MATT HELMS: Speed limit rises to match habits
BY MATT HELMS
FREE PRESS COLUMNIST
October 11, 2006
We knew it was coming. Now we know when.
Drivers will be able to travel at 70 m.p.h. on I-696 worry-free Nov. 9, the day the state has set to officially raise the top legal speed on Michigan's busiest freeway.
I-696 will join several freeways as recent members in the 70 m.p.h. club, including a large section of M-59 between Pontiac and Utica, I-75 between Outer Drive in Detroit and Pennsylvania in Taylor and much of the Van Dyke Expressway in Macomb County.
The Michigan State Police and the Michigan Department of Transportation have been raising limits on freeways around the state, saying that properly set limits encourage more uniform traffic speeds and, therefore, fewer crashes.
Police say drivers are more likely to obey realistic speed limits, so raising the limits reduces the speed differences between those who obey low limits and those who drive faster. Reducing the differences in turn decreases the likelihood that faster drivers will change lanes, brake suddenly, tailgate slower drivers or otherwise engage in behaviors that can lead to crashes, State Police say.
Rather than expecting faster traffic with the higher speed limit, "our experience shows us that the fastest traffic on the road might drive slightly slower when we post a more appropriate speed limit," says 1st Lt. Thad Peterson, commander of the State Police traffic services section.
An example is I-69 near Flint, which went from 55 to 70 m.p.h. in 2005.
Police measurements found the freeway's overall speeds decreased or largely stayed the same after the increase. The benefit: differences between faster and slower traffic decreased.
MDOT and the State Police recently concluded studies and found no structural or design issues on I-696 that would caution against raising the limit.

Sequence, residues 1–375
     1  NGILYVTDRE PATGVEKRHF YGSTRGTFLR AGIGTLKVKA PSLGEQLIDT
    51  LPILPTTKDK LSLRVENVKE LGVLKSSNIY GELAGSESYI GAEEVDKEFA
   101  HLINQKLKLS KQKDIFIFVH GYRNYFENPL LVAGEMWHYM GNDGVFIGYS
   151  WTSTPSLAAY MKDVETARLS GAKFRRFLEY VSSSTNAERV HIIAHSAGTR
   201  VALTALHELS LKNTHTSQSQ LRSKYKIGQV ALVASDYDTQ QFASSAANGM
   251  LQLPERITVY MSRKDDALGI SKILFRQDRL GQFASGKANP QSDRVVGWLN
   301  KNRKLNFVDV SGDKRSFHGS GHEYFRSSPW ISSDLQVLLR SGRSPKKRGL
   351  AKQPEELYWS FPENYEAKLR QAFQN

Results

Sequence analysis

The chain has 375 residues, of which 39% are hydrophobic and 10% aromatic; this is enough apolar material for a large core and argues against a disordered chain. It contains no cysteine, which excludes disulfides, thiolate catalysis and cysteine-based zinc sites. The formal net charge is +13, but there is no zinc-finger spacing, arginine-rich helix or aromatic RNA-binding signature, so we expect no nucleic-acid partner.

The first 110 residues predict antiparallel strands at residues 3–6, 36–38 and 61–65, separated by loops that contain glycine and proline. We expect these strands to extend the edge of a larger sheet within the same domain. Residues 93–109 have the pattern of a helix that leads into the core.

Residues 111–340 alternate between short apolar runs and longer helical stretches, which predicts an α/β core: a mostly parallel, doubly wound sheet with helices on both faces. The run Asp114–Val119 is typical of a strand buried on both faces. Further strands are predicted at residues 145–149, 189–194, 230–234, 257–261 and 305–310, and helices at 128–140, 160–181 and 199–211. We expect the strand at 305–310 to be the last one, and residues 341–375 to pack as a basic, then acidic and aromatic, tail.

Scott Barrett of Macomb Township drives 45 minutes to an hour a day each way to work in Southfield and says he hopes the speed limit change will reduce his commute time.
"In my mind, if the speed limit's 70 all the way through, traffic will flow more smoothly the whole way," Barrett says.
Nov. 9 is also the day for new speed-limit rules on Michigan freeways. The minimum speed limit on freeways rises to 55 m.p.h., while the maximum truck speed limit rises from 55 to 60 on freeways where the overall maximum speed is 70.
Interstate 696, with 200,000 or more vehicles a day on some stretches, is the state's traffic-count king.
Other busy metro Detroit freeways, including portions of I-75 and I-94, also could see limits raised to 70.
Peterson says that most state freeways that aren't already at 70 will be studied in the next year or so to see whether a raised speed limit is in order.
The rising speed limits are based on a nationally followed engineering principle called the 85th percentile rule. It says speed limits should be set at the speed at or below which 85% of all traffic moves.
In other words, if 85% of all traffic goes 55 m.p.h. or slower, 55 is set as the maximum limit, and the 15% of drivers going faster than 55 are the exception -- and the drivers police are most likely to pull over.
Contact MATT HELMS at firstname.lastname@example.org -- e-mail is best -- or leave a message at 313-222-1450.